By MATT LEMMON
Although most services on campus close their doors during Devotionals, several of those doors remain open during general conference.
Some students disapprove of this irregularity in campus policy.
Jenny Songer, 23, a senior from Huntsville, Weber County, majoring in humanities and English teaching, said leaving athletic facilities open during general conference shows a bad order of priorities.
“We’re showing that we value exercise over the prophet’s words,” Songer said.
Songer has worked in the Women’s Locker Room in the Richards Building for the past four years. In those four years, she said she has had to work during conference several times.
She also said the administration should close the Richards Building and other services around campus during Saturday’s conference sessions to set an example of following “certain standards including … listening to the prophet’s words.”
She also said the university should close facilities to be consistent with the policy of closing for Devotionals and forums.
Songer said she has taken the issue to administrators, hoping for a change in policy.
Dean Robert K. Conlee, in charge of the Richards Building, said this is the first time a student has brought the issue to his attention.
Conlee said he is sensitive to the issues Songer has brought up, though the standing policy has been to remain open during Saturday’s conference sessions.
The building remains open partly because students can video record the broadcast, he said.
It does close, however, for priesthood session because the session is not broadcast and is difficult to record, Conlee said.
Conlee said he will conduct meetings this week to determine if he should close the building during future conference sessions.
Those attending the meetings will review studies performed Saturday to measure use of the Richards Building.
He said he will make changes if it seems to be in everyone’s best interest to do so.
“We’re not adverse to reconsidering our position,” Conlee said.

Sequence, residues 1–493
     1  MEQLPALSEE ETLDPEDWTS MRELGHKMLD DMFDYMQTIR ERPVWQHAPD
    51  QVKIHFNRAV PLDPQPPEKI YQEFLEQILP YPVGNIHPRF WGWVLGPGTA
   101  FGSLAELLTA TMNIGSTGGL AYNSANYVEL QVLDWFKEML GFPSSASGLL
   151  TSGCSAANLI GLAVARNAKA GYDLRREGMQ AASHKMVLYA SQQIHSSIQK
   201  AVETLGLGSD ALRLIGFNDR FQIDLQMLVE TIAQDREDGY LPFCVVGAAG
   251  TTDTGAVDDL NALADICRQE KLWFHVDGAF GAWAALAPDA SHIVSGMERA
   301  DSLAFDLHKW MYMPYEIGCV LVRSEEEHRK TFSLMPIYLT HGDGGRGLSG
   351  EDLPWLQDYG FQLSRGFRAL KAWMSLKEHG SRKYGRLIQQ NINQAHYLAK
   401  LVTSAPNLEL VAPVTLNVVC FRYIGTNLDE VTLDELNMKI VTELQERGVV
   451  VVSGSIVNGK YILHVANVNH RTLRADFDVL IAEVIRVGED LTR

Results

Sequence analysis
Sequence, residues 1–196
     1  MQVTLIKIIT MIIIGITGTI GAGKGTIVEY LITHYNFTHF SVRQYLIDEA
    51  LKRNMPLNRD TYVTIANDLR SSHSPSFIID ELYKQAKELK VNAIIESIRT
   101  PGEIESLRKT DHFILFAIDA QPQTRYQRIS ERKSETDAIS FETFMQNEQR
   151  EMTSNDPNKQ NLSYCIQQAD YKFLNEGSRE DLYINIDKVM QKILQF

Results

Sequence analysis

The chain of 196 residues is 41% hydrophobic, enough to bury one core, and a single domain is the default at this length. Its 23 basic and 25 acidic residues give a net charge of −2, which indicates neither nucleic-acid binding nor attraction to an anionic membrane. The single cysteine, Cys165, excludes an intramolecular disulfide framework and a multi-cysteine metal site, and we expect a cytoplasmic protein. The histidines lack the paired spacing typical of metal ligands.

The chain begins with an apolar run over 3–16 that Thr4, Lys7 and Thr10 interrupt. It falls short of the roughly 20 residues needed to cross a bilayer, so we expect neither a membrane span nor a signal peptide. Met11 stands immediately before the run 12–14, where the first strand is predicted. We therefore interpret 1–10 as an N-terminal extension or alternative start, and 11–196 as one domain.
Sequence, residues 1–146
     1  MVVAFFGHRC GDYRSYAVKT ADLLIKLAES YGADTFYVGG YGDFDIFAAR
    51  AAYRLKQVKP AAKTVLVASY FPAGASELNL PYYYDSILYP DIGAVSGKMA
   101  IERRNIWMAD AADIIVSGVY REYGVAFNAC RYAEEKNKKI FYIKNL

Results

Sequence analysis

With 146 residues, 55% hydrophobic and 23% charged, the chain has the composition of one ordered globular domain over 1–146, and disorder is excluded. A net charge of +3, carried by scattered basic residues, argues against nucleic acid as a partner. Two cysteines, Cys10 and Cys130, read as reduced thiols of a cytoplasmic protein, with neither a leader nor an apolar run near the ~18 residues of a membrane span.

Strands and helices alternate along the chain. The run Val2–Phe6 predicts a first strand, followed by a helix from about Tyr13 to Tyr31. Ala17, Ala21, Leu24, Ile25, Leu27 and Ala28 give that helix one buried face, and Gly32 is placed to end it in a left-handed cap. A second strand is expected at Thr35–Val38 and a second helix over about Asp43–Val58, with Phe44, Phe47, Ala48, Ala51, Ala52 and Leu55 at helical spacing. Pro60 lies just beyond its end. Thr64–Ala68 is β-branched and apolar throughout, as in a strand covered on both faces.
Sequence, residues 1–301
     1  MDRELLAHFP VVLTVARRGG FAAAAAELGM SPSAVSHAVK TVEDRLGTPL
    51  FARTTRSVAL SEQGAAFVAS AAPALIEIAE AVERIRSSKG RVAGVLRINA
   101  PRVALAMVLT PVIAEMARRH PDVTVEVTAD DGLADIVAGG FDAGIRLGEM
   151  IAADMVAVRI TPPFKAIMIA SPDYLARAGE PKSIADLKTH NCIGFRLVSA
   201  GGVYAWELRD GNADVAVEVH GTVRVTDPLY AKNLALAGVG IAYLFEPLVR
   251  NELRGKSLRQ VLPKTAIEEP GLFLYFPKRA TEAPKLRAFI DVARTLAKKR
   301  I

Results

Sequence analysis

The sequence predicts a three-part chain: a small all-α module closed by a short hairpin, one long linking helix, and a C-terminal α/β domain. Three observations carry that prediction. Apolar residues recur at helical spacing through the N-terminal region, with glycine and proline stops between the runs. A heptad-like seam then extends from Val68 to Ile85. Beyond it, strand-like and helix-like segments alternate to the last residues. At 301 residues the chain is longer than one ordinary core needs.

Alton Wade, Student Life vice president, said this issue has resurfaced every October and April for the past 10 years.
He said the administration has discussed the issue many times, trying to come up with the best solution. For various reasons, the administration has decided to have the facilities remain open, Wade said.
The bookstore remains open, he said, because that Saturday may be the only chance some out-of-town visitors have to come to the store.
“It’s open for many, many people who come from around the world to visit BYU during conference time,” Wade said.
Joe Merrill, an assistant director at the BYU Bookstore, said that although the bookstore remains open, efforts are made to accommodate employees.
He said the bookstore changed some policies following the October 1999 conference so employees could see at least one Saturday session of conference.
Kim Bryant, 22, a senior from Shelley, Idaho, majoring in history, said she would have to work at the bookstore during one Saturday session.
She said she would prefer not to work during conference, but she said she did not think it was a big deal.
“I can understand from a business perspective why they stay open,” Bryant said.
Another bookstore employee, Erin Smith, 19, a sophomore from Provo majoring in sociology, said the issue does not affect her.
“They pipe it over the intercom anyway,” she said.
Different from the bookstore and Richards Building, the library closes its circulation desk and other services during conference sessions, said Erva Rieske, of the university librarian’s office.
The library is still open to the public, but no services are offered during that time, she said.